Serotonin’s most famous role is as a mood stabilizer – people may not be aware of its other functions. It has a big impact, not just on your emotions, but also on your motor skills.
Serotonin helps you get a good sleep at night, and also helps you with eating and digesting food. It helps reduce depression, heal wounds, regulate anxiety, maintain bone health, and stimulate nausea.
Serotonin performs different functions across your body:
- Mood – Serotonin in the brain is credited with the regulation of anxiety, happiness, and mood. Low levels are associated with depression.
- Nausea – Serotonin rises in production when you eat noxious or upsetting food and helps push it out from your body.
- Bowel movement – Serotonin in the stomach and intestine enables control of bowel movements and function.
- Sleep –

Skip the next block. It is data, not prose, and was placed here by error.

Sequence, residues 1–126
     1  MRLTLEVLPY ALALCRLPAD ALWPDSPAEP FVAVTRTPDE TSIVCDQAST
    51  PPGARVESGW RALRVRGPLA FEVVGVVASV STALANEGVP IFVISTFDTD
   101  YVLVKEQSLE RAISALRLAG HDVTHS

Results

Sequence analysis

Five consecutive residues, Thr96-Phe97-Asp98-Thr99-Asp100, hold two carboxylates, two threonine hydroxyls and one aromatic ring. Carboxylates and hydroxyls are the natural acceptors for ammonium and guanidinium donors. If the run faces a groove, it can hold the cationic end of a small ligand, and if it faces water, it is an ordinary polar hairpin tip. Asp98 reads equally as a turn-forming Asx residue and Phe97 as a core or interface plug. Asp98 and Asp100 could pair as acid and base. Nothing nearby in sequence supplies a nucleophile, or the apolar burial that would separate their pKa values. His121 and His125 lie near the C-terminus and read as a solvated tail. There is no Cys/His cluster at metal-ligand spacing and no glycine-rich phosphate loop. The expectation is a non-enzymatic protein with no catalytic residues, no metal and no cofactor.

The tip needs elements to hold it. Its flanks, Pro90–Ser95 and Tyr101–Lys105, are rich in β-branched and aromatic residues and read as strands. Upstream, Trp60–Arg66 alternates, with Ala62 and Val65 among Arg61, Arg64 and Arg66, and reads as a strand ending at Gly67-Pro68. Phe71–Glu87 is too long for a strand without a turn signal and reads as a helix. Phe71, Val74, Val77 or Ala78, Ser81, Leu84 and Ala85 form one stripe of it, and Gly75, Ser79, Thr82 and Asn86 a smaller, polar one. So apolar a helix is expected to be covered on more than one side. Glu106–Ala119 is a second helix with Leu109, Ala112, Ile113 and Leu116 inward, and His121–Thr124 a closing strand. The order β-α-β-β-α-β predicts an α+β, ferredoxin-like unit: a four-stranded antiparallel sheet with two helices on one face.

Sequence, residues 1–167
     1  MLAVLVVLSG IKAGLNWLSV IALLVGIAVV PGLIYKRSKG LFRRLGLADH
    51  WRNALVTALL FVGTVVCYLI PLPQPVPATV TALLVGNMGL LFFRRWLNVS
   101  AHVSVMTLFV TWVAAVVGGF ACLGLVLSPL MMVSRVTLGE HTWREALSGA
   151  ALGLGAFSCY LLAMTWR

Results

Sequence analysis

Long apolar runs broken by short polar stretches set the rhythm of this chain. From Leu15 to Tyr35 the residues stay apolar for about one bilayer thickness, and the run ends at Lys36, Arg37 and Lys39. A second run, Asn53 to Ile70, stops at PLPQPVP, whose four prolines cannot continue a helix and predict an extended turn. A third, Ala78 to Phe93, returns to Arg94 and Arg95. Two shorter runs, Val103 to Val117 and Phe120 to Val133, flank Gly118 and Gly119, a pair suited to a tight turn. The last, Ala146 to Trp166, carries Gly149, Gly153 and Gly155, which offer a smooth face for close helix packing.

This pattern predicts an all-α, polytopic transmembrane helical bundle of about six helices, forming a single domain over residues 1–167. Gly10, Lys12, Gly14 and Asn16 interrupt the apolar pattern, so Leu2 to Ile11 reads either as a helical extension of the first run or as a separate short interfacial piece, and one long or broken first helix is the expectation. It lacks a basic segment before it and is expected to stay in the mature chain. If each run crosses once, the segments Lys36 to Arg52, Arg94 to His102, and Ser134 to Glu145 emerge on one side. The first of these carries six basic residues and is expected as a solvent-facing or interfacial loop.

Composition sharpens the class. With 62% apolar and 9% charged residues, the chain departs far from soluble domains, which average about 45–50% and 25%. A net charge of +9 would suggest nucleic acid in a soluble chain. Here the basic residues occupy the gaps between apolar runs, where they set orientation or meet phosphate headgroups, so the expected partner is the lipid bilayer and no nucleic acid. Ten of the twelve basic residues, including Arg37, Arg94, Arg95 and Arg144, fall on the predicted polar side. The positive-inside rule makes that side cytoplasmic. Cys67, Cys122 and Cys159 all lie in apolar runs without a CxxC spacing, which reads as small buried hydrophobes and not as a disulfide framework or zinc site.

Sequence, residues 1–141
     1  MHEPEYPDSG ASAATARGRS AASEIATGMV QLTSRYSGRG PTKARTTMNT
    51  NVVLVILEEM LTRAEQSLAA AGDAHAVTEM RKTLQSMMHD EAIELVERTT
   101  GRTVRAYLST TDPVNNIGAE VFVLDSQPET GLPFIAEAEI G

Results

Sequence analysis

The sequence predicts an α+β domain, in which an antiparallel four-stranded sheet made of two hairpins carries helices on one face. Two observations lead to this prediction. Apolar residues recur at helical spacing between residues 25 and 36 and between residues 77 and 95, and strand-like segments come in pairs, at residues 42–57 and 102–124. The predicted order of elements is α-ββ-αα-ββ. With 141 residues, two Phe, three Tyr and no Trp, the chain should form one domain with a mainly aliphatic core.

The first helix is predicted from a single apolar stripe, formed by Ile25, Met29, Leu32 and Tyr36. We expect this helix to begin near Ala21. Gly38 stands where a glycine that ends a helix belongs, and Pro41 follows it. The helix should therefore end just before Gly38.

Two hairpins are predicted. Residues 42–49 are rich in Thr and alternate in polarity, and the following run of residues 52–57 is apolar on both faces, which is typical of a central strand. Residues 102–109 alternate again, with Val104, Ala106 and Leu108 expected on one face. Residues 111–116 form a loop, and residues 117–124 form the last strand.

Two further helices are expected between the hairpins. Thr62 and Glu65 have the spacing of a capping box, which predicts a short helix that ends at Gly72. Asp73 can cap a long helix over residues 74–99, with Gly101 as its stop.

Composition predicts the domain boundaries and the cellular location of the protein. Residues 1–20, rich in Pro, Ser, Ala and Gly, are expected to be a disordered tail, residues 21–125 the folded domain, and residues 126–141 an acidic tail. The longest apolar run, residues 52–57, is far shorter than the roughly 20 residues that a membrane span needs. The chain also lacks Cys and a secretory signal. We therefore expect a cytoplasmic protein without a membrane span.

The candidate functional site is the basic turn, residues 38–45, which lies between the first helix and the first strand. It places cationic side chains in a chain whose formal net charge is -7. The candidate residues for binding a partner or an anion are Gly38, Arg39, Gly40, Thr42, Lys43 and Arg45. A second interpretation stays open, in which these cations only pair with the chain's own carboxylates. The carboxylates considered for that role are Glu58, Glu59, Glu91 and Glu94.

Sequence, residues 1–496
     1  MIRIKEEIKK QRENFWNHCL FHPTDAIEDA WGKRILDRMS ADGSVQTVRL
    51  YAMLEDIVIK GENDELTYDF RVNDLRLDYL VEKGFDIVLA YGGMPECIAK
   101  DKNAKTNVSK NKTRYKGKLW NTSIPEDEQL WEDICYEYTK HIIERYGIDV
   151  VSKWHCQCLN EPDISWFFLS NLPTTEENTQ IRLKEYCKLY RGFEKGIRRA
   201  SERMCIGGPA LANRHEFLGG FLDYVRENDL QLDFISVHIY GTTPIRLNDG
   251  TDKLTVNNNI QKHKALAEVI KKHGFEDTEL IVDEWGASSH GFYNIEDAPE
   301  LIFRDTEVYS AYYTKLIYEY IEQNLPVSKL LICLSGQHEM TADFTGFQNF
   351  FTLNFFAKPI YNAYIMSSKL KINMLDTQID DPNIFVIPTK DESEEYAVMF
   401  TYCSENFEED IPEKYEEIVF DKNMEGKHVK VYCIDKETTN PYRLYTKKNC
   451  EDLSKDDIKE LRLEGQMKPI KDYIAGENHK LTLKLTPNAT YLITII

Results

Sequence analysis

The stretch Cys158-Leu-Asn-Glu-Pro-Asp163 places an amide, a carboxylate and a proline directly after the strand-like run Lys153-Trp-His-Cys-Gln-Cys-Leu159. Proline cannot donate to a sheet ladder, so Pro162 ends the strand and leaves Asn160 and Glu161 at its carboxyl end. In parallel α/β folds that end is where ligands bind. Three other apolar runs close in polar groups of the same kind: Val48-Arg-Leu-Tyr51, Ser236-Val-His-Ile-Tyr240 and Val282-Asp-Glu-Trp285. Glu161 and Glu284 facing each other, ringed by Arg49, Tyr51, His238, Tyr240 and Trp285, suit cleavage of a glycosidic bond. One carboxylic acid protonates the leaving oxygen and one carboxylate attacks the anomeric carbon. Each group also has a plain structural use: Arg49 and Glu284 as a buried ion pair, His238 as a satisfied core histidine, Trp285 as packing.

It stimulates areas of your brain which are in control of waking and sleeping. You were being asleep or awake is dependent on which area receives the stimulation and which serotonin receptor is used.
- Blood clotting – Serotonin in blood platelets is released to help heal wounds. The chemical enables narrowing of arteries, leading to the formation of blood clots.
- Sexual function – Low serotonin levels = increased libido. Increased serotonin levels = reduced libido.
- Bone Health – When serotonin levels are too high, this can result in osteoporosis, a bone disease of weaker, thinner bones.
4. Serotonin, Depression, and Antidepressants
Serotonin production helps people cope with depression. For instance, people suffering from depression take Lexapro, an oral medication which helps them deal with their depression and anxiety.